Saturday, May 15, 2010


NEWS: Arizona’s new anti-immigrant law jeopardizes the 2011 baseball All-Star Game for Phoenix, where I live.

VIEWS: After Obama won the presidency, Janet Napolitano, Arizona’s Democratic governor, abandoned the last two years of her second term to go to Washington to head the Homeland Security Department, turning the state’s government over to her Republican No. 2 and the Republican-controlled legislature. They’ve proceeded to enact their brand of right-wing sharia in the Grand Canyon State.

Most of the stuff they’ve done mainly affects Arizonans. Among other things, they’ve made it okay to pack guns—openly or concealed—just about anywhere without a permit, ordered the removal of the photo-radar cameras that have calmed traffic and saved lives on the state’s major highways, and filed lawsuits to block implementation of the new Federal health-care law.

They’ve also passed a law requiring local police to demand proof of citizenship or immigration documents from anyone whom they might “reasonably suspect” of being here illegally; having brown skin or speaking Spanish might qualify someone for such treatment. That one has caused an uproar in many precincts, accompanied by threats to boycott all things Arizona. This includes Arizona Iced Tea, which is made by a company based in New York.

In reality, the “show ID” law is political theater, pure and simple. A couple of years ago Arizona passed a law making it illegal to employ illegals, but hasn’t bothered to enforce it. The sheer number of people residing in the state without “papers” (an estimated 400,000 to 500,000, mostly from Mexico or elsewhere in Central American), long winked past the border to provide employers with a malleable work force for dirty or poor-paying jobs, precludes any serious enforcement of the latest statute. If such were attempted every restaurant in the Phoenix area would have to close.

Still, chest-pounding can have its price. It’s easy for people not to do something, and enough of them are deciding not to have any truck with Arizona to put a dent in the state’s tourist business, a pillar of its already-weak economy. This probably won’t include removal of baseball’s All-Star Game, but in a sport where some 30% of the players come from Hispanic countries and another sizeable chunk are U.S. citizens with Hispanic roots, a player boycott of some sort seems likely. At the least, it’s sure to keep the flap over the law, and its repercussions, in the news for the foreseeable future.

But y’all nice folks needn’t be put off, so come on down. Just remember to be armed (if you can’t get your guns through airport security you can buy ones here), carry your passport (especially if you’ve got a tan) and bring a crash helmet. And rest assured that we’re not all bigots—only 60%.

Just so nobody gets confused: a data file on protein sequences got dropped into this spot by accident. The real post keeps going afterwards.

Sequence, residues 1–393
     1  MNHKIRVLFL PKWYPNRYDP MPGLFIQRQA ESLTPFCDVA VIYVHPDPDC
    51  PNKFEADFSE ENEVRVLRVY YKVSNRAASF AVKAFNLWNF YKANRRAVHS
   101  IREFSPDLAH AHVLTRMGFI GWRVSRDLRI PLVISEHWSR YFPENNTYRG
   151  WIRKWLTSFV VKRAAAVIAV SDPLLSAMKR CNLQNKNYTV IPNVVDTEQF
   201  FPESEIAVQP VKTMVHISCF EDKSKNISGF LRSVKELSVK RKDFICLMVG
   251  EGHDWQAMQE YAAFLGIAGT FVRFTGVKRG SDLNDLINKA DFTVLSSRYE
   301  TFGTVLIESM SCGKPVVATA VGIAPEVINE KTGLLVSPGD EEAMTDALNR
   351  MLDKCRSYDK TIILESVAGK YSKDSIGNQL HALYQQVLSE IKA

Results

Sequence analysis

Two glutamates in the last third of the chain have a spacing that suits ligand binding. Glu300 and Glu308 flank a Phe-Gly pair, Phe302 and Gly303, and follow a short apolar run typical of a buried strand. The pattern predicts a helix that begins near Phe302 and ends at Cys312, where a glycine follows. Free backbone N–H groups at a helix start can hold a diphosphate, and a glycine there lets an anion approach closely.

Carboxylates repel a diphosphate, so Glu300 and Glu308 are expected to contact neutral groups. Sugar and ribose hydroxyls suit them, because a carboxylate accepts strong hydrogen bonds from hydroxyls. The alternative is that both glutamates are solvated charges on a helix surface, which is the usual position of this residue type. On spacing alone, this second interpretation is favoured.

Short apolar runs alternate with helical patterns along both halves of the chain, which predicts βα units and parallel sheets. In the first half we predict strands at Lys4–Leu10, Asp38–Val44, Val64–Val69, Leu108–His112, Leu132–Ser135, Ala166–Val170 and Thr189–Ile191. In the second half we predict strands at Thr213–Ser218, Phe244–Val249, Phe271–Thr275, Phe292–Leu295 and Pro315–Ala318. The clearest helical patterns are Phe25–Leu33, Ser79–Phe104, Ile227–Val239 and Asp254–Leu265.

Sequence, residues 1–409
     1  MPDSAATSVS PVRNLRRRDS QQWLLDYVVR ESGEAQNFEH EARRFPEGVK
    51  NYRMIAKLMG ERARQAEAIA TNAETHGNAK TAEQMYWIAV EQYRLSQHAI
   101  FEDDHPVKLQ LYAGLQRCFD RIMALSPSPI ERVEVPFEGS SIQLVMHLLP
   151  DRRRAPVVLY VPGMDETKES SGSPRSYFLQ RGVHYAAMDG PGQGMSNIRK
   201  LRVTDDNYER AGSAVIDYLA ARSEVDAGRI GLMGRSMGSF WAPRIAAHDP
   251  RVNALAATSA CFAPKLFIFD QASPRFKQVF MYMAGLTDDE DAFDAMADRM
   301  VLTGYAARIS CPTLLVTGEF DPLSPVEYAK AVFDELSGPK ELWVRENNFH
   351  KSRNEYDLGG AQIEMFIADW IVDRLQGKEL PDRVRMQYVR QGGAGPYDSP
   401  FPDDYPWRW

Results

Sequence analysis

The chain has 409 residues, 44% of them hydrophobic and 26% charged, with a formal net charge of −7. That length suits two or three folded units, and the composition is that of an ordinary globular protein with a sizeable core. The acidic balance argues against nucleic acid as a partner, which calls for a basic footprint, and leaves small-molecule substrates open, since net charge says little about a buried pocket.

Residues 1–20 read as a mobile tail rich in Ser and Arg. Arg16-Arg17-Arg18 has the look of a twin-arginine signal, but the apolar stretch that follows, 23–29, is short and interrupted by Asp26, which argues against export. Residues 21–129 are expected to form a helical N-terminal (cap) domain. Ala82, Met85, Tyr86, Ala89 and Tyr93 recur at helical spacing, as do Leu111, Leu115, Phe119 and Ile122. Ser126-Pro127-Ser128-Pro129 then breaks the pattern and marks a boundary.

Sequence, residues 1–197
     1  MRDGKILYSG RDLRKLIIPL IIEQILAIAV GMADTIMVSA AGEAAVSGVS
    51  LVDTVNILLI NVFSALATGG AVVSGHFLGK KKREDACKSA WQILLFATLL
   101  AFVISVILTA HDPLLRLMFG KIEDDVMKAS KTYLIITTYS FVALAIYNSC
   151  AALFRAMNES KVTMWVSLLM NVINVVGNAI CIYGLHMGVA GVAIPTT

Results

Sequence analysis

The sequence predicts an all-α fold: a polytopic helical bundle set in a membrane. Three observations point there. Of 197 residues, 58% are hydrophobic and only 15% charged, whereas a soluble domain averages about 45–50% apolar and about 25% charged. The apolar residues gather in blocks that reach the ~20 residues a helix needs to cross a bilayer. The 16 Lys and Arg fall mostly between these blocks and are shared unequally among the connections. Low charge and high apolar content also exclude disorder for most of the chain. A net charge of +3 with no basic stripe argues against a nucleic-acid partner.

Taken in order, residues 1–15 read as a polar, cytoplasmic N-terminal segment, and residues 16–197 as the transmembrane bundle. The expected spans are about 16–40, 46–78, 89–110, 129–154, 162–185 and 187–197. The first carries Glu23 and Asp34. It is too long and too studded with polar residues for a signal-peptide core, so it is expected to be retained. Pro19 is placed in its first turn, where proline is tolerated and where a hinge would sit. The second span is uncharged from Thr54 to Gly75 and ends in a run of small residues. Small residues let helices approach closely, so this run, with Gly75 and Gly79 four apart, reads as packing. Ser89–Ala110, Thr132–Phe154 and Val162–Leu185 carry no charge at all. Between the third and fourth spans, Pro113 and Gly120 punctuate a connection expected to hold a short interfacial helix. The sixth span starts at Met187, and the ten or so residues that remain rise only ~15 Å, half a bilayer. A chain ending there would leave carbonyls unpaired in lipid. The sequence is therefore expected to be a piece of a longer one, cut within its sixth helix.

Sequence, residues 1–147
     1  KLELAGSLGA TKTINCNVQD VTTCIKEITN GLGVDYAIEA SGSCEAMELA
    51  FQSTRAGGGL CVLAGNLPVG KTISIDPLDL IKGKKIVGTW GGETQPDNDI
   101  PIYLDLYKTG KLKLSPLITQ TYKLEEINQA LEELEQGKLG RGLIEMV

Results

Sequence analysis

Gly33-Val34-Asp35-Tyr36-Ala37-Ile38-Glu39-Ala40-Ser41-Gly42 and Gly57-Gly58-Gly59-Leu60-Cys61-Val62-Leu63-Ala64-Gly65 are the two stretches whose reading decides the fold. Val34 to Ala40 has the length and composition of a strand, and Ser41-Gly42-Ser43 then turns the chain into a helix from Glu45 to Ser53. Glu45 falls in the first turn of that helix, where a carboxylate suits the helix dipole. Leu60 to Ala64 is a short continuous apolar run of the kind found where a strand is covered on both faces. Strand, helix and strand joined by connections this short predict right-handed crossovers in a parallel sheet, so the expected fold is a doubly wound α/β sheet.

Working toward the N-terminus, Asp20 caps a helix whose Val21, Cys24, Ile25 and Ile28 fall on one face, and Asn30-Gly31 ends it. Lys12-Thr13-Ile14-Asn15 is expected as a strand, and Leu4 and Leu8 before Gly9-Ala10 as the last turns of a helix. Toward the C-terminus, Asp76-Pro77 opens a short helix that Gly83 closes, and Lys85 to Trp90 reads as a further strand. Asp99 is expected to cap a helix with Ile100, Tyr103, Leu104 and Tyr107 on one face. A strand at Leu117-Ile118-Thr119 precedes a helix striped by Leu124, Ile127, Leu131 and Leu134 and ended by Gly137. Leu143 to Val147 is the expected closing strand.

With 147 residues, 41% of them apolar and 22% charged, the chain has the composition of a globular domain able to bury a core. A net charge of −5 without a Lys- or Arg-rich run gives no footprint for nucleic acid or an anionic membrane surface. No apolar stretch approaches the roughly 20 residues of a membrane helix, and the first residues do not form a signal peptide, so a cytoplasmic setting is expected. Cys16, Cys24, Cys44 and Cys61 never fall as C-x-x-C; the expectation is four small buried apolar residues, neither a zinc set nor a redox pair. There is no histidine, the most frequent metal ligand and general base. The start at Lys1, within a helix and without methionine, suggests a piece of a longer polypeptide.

NEWS: John Calipari, who last year signed a long-term contract to coach basketball at the U. of Kentucky, has been mentioned in the whispers over who’ll be the next to coach the NBA Chicago Bulls or Philadelphia 76ers. This spurred Kentucky to reopen, and possibly sweeten, his pact there.

VIEWS: Calipari took his trail of recruiting slime to Lexington from his previous jobs at UMass and Memphis. His specialty is luring top-drawer phenoms who haven’t hit the NBA-mandated age of 19 for “one-and-done” college seasons that allow them to hone their hoops skills without being much troubled with academics (few schools flunk out anyone in just a year). For that he’s reportedly being paid $4 million a year, tops for the college-coach rat pack and probably more than the salaries of the math profs at all the Southeastern Conference schools combined.

But is he satisfied? Noooooo. He’ll likely pull the flirtation scam annually until he cuts loose from UK for greener pastures. And you know what? Kentucky is getting what it deserves.

NEWS: The Kentucky Derby is run in the rain with its favorite on the sidelines. And that’s not all.

VIEWS: The news for thoroughbred horse racing, my favorite participation sport (when you bet you participate), usually is bad, but lately it’s only gotten worse. Not only was Derby Day, the sport’s annual showcase, a soggy downer with the likely clear favorite Eskenderaya out with injury (for good, it turns out), but a potentially enormous future race now is in danger. That’s because of the mediocre performance so far this year of Rachel Alexander, the filly whose sensational 2009 campaign earned her Horse of the Year honors.

You may recall that the elegant Rachel won all eight of her starts last year, including victories over the boys in the important Preakness, Haskell and Woodward stakes. Those last feats, highly unusual in the equine world, earned her attention beyond the sport’s normal public. Wonder of wonders, so did the doughty filly (now mare; she’s turned 5) Zenyatta, who’s unbeaten in 16 career starts and put on maybe the best show in recent memory with her last-to-first run against the strongest possible male competition in the Breeders Cup Classic, the sport’s fall championship.

A Rachel-Zenyatta matchup—maybe in a prime-time, womano-a-womano format—would have turned the country on its ear, but Rachel has been beaten by other girls in her two 2010 outings (while Zenyatta has gone a triumphant 2-for-2), taking the shine off such a race. It’s possible that Rachel might regain her top form and allow a match to be staged, but that doesn’t seem to be in the cards now. Woe is us.

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